State economies could get a big boost if the Supreme Court rules that the government cannot offer subsidies through federally-run Obamacare exchanges.
In March, the Supreme Court will begin hearing oral arguments in the case of King v. Burwell, a lawsuit claiming that the Affordable Care Act only authorizes tax credits for individuals purchasing health insurance through state-run exchanges.
If the court agrees with that interpretation, the 34 states that declined to set up their own exchanges would lose the “free” federal subsidies they currently receive, but would also be liberated from the employer mandate requiring companies to offer health care to all employees working at least 30 hours per week.
According to Don Susswein, a managing director at the consulting firm McGladrey LLP, such a ruling would present states with a difficult choice between establishing an exchange in order to preserve subsidies for low-income residents and shielding companies from the mandate as a way to promote job growth.
“Jonathan Gruber famously said, in effect, that no state in their right mind would give up free tax breaks,” Susswein told The Daily Caller News Foundation, and the obvious implication is that if tax credits were the only issue, states would “bite the bullet and set up their own exchanges.” (RELATED: Obama Advisor Jonathan Gruber in 2009: Obamacare Will NOT be Affordable)
However, while “some people are going to argue that it’s unfair for low-income people to lose their tax credits, there are others who will point out that there would be more jobs, and higher-paying jobs, available for those people” in the absence of an employer mandate.
In some cases, he predicts, companies might respond by physically relocating to a state without an Obamacare exchange, taking jobs with them. (RELATED: Insurance Brokers: Obamacare is Harder Work for Lower Pay)
Another possibility, especially for larger companies that do business in multiple states, would be to shift jobs around “so that all residents of non-mandate states work for a single subsidiary that is effectively exempt from Obamacare.” Because the mandate would still apply for workers directly employed by the parent company, firms would have a strong incentive to move as many jobs as possible to the mandate-free subsidiary.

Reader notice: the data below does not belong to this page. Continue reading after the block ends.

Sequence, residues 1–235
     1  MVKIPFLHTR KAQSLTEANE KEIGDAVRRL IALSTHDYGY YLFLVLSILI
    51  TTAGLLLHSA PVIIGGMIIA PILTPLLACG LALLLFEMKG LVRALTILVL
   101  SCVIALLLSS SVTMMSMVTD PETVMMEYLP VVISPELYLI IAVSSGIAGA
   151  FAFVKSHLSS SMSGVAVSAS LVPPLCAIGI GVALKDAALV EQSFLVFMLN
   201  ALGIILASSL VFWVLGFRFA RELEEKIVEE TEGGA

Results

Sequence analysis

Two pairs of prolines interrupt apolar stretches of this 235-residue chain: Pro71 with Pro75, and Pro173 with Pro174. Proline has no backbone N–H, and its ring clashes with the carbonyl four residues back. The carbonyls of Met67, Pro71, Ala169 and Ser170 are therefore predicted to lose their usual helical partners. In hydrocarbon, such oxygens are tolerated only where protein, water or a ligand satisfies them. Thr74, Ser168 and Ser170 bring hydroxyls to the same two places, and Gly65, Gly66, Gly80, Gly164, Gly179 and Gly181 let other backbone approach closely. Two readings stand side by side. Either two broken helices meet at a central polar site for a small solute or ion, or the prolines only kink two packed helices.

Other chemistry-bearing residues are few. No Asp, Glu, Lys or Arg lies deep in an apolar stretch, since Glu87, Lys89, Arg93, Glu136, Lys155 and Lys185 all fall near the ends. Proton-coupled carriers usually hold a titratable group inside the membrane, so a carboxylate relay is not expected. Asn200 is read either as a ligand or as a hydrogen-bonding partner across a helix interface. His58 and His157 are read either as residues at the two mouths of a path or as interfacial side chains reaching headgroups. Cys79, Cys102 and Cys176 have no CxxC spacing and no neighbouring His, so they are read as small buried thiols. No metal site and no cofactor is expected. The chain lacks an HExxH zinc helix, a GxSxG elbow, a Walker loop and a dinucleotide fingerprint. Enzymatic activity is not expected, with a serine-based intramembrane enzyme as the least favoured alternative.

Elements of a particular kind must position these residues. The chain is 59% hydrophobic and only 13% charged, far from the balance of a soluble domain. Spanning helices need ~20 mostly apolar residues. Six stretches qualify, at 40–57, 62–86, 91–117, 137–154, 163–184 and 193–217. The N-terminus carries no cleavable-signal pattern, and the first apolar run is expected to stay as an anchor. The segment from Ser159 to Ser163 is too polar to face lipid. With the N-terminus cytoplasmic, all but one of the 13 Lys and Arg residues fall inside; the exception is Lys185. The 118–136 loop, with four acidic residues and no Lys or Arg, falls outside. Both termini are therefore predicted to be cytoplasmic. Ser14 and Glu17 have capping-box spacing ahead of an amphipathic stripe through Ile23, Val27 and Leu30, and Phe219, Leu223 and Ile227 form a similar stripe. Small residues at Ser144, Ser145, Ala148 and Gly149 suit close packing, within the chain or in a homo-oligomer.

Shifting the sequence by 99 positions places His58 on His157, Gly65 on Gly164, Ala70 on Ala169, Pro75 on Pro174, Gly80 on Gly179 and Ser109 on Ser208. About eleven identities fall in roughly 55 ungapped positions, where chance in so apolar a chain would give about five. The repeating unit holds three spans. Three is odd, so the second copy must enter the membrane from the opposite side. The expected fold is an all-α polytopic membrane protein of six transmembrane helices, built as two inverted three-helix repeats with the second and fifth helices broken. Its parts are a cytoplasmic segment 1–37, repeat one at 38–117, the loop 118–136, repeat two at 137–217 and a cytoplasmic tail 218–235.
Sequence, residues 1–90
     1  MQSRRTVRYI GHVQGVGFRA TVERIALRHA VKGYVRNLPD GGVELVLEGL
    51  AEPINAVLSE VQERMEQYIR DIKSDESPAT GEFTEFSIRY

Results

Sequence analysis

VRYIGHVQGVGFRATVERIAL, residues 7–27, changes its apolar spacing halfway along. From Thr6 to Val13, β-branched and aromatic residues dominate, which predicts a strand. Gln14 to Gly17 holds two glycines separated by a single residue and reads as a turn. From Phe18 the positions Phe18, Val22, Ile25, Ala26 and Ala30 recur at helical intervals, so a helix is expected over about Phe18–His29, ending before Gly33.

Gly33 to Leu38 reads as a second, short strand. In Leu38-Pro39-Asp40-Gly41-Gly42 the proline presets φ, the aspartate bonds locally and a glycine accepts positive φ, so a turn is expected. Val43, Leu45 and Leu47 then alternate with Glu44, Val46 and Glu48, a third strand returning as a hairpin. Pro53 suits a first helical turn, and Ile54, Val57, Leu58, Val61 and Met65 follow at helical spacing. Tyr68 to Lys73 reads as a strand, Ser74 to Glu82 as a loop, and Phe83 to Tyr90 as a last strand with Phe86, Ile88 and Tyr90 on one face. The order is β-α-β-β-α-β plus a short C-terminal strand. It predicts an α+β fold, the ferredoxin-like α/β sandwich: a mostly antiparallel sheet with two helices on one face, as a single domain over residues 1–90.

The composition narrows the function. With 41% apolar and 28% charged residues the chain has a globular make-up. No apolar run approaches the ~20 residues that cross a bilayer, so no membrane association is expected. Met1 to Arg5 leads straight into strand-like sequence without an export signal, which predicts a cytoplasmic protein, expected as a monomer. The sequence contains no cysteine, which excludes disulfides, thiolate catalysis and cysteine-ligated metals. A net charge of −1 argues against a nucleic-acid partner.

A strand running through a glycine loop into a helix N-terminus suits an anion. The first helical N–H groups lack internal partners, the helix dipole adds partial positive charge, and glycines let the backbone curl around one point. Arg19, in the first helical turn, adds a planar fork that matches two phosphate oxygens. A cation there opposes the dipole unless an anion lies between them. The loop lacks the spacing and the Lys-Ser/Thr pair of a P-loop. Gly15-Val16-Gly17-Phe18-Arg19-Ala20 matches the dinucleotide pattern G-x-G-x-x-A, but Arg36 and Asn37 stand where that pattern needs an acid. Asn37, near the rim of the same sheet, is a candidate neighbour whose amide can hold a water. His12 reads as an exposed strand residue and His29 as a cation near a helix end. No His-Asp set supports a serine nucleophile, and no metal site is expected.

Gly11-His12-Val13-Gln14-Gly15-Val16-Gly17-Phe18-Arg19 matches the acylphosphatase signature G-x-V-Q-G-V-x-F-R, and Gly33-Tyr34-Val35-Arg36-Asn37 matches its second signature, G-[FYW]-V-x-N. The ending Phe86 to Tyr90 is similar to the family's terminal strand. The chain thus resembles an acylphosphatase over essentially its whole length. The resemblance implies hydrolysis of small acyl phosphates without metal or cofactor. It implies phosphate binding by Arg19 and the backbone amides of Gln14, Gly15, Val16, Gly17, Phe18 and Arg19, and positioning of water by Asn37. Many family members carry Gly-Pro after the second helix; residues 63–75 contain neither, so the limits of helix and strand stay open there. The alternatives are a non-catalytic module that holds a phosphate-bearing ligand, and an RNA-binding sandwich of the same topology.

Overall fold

Removing the employer mandate would also benefit workers whose job status is not affected, Susswein argues, because those who lose access to employer-provided coverage would see a corresponding increase in their cash wages. “If you impose a per-job cost on an employer,” he explains, “the cost is really borne by the workers in reduced cash wages.” (RELATED: Study: Obamacare Employer Mandate Will Disproportionately Hurt Low-Wage Workers)
In fact, he says, the employer mandate is an unwanted burden for many low-income workers, because “they may prefer cash, or they may prefer a less generous insurance plan,” yet neither of those options is allowed under Obamacare.
On the other hand, while states that elect to accept the tradeoff could become “magnets for jobs,” Susswein cautions that they would also run the risk of entering into a “death spiral” of skyrocketing health insurance premiums, because the requirement that insurers cover individuals with pre-existing conditions would remain in place. (RELATED: HHS-Funded Study: Obamacare Will Suffer ‘Death Spiral’ if Subsidies Fail)
As a result, states without their own insurance exchanges would become vulnerable to the “free-rider” problem, whereby “low-income individuals opt-in to the system at the last minute, only after it is clear that they have a chronic condition.” Free riders impose exceptionally high costs on insurance companies, forcing them to raise rates on healthy customers to compensate.
Susswein believes the risk of death spirals is relatively remote, though, saying, “I’m sure somebody in Congress will push to solve the free-rider problem to ensure that they’re not essentially gaming the system.”
One potential solution would be to repeal the individual mandate and replace it with a continuous coverage requirement, which would extend Obamacare protections only to individuals who remain insured “in good times as well as bad.”
“The notion of a continuous coverage requirement doesn’t shock the conscience,” Susswein asserts, pointing out that such a requirement is not only “what the individual mandate is all about,” but is also a feature of several reform bills already before Congress.